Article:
Ladder of Effectiveness, pt. 1

Several years ago, I visited a friend in my home town that I hadn’t seen in several years. We caught up on family and friends, and then he quickly took me out to his barn to show me his latest prize possession, his 1975 Pontiac Trans Am Firebird. This was the car so many of us dreamed of driving when we were in elementary school!

What struck me the most about his purchase was that he bought the car on Ebay from a guy half way across the country. I’ve bought books and plates and what-not on Ebay, but never have I dreamed of making such a huge purchase online! But, my friend assured me, he had many, many conversations on the phone with the seller before purchasing the car.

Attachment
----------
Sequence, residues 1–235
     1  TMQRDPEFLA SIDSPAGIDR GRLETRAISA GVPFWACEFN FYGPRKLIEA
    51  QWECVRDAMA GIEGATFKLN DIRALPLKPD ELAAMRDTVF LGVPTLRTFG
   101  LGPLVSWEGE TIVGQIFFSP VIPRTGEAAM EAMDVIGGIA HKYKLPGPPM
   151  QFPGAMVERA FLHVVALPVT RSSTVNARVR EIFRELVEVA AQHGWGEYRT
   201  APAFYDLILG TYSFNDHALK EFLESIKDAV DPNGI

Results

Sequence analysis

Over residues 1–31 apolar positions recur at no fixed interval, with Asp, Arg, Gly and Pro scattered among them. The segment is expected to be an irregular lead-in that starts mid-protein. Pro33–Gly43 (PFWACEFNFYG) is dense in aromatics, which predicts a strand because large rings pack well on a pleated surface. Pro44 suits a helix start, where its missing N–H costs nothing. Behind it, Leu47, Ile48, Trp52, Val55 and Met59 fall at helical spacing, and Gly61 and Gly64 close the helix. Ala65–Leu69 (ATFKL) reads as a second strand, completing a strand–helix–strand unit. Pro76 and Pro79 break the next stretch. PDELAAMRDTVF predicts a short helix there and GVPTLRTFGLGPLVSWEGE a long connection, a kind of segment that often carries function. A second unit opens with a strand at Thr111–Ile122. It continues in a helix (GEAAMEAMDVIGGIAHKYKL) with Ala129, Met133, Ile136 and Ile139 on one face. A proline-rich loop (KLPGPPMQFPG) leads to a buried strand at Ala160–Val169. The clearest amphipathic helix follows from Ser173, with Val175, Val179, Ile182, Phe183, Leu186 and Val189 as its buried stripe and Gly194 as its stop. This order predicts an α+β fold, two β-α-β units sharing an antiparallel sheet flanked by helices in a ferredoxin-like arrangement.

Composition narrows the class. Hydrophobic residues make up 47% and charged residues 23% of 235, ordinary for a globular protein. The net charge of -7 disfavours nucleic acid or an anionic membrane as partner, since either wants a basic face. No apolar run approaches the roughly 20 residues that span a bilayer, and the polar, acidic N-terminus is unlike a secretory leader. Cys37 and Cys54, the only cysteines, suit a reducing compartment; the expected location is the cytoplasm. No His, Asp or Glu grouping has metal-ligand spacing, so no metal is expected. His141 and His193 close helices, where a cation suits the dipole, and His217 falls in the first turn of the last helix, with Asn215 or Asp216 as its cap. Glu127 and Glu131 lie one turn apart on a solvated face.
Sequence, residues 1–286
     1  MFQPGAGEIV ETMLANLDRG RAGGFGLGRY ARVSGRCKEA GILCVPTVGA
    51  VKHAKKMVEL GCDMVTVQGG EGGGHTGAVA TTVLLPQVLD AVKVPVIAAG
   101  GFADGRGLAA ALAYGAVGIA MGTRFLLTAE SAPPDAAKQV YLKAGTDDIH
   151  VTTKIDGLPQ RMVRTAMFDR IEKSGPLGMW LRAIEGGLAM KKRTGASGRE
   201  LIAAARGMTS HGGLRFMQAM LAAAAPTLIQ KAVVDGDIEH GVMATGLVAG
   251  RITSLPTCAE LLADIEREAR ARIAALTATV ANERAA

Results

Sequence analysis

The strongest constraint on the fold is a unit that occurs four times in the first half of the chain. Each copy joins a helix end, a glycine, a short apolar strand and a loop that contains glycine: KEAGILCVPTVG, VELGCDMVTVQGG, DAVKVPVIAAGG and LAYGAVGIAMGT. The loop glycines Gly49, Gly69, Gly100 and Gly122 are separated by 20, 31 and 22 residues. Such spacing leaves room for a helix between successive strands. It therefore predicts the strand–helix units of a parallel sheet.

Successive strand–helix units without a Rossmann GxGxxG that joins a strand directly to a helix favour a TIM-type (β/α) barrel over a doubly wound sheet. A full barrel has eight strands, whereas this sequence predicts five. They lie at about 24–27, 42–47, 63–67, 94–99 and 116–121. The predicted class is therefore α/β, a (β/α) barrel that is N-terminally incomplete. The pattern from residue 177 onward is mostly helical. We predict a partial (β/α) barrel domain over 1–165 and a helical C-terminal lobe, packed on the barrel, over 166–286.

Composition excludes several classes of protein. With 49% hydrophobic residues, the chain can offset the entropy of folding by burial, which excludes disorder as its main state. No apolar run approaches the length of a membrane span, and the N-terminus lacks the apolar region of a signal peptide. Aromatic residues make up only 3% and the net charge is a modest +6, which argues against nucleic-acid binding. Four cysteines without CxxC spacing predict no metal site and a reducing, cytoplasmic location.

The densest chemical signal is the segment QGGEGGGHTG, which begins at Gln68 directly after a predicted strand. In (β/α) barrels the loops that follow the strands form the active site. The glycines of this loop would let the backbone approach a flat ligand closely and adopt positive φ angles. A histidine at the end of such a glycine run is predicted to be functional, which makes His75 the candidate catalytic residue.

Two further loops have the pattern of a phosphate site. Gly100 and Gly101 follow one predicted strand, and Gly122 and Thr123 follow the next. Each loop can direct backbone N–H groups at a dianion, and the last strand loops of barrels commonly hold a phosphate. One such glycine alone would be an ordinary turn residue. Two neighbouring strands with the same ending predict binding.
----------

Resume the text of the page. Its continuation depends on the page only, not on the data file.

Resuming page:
My point is – people just don’t hand over their hard-earned money very easily. The most effective way for a not-for-profit to ask for money is face-to-face, with two people going together to visit the person being asked. A phone call is less effective than that. A letter in the mail is even less effective. And an appeal in the church bulletin on Sunday morning even less so.

The ladder of effectiveness is more and more personal as you move up the ladder, less and less personal as you move down. Next week, I’ll be more specific.